Yet things aren’t quite as straightforward as the Maoists offering peace talks and the government rejecting or betraying them.

The Maoists have from time to time tried to play kingmaker by intervening in the competitions between democratic parties. Stepping in during crucial elections, they have on multiple occasions used their firepower to sway results in one direction or the other.

For example, in 2007, the Maoists played a key role in bringing down the 34-year run of the Communist Party of India (Marxist) as the ruling party of West Bengal. Involving themselves over a land acquisition dispute in Nandigram, Maoist guerrillas declared war on the Marxists and killed and drove members out of their homes in large numbers. This led to a landslide win for the opposition leader, Mamata Banerjee. The operation was led by famed guerrilla leader Mallojula Koteswara Rao a.k.a Kishenji.

But soon after the election, Banerjee’s administration engineered Kishenji’s assassination by winning over one of his trusted aides.

The Kishenji episode wasn’t an isolated case. Across Bihar, Andhra Pradesh, Chhattisgarh and Orissa, the Maoists’ experiments at working as hired guns for big players have resulted in losses for the group.

The Nepali Maoists having given up their armed efforts, and the CCOMPOSA and the RIM have ceased to be functional, effectively leaving their international links dry. The acrimonious recent past the Indian Maoists share with the other communist parties has made them pariahs in mainstream leftist collectives.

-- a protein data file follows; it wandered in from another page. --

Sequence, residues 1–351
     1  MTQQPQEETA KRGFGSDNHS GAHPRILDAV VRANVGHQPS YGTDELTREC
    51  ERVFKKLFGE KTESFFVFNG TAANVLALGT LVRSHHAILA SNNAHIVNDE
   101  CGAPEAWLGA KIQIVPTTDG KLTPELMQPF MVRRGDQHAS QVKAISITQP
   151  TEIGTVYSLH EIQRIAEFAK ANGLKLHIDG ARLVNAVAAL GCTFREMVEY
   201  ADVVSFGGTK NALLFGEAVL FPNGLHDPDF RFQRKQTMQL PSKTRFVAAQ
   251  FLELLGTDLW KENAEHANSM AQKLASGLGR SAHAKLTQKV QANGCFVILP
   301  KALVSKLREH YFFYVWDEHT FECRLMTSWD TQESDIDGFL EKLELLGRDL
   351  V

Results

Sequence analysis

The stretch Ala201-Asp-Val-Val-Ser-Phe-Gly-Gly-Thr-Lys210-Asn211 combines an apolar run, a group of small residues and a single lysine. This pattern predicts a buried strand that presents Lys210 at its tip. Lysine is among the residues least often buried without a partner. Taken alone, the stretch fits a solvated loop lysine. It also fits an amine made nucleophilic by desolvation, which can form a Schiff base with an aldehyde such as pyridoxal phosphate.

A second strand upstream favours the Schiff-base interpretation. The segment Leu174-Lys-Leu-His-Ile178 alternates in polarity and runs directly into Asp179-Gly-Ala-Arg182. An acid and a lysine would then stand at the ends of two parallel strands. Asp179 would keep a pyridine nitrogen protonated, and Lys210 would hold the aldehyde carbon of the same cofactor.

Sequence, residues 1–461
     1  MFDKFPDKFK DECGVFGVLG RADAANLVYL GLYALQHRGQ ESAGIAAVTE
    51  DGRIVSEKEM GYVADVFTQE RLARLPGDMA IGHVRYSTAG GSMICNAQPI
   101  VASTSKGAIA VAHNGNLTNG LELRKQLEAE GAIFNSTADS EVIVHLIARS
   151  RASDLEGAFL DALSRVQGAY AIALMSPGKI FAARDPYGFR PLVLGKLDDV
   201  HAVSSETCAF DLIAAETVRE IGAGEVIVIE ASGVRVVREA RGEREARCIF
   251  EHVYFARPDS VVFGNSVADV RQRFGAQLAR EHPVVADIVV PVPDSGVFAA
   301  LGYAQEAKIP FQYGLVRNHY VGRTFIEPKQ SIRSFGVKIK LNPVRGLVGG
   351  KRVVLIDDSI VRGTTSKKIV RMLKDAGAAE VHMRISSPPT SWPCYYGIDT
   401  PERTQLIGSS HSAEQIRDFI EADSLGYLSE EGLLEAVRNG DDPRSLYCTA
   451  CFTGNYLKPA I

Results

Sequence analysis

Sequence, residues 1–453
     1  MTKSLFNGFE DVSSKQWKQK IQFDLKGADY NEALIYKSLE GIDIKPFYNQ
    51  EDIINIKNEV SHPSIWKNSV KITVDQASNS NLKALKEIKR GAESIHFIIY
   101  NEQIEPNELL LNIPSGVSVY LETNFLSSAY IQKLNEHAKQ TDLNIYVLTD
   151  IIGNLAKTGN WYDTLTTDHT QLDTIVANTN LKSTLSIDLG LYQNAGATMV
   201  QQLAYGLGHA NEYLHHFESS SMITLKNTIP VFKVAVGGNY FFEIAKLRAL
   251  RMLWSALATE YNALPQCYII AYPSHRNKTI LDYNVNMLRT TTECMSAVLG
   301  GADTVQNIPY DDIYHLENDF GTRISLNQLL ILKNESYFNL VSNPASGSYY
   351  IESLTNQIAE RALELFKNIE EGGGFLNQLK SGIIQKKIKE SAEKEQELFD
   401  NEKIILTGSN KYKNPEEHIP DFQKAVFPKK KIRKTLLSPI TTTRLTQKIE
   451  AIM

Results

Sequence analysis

Moreover, unlike the other communist parties that have strong presence in trade unions, student unions, farmer collectives and other mass organizations, the Indian Maoist party has little more than their guns.

This has resulted in political isolation, and locked them inside the conflict zone.

Tribal Identity vs. Development

“The challenge to the Maoists comes as much, if not more, from satellite television and mobile telephony as it does from the Indian armed forces,” Siddharth Mitra, a New York-based human rights activist and Maoist politics watcher, says.

Like elsewhere in the country, rising aspirations for urban life among the younger generations of the tribal people has rendered older methods of public outreach by the Maoists ineffective. And this has in turn catalyzed the shedding of past cultures in favor of the more homogenized, pan-Indian one.

“Besides, one has to be nuanced about what the term tribal culture means,” Mitra explains further. “The tribal from Bastar (Chhattisgarh) is not the same as the tribal from Chandrapur (Maharashtra) or Dandakaranya (Orissa). So, when a Maoist guerrilla from Warangal (Andhra Pradesh) comes and talks to a tribal… in Bastar, the Maoist is as alien or as close to the tribal as the paramilitary soldier.”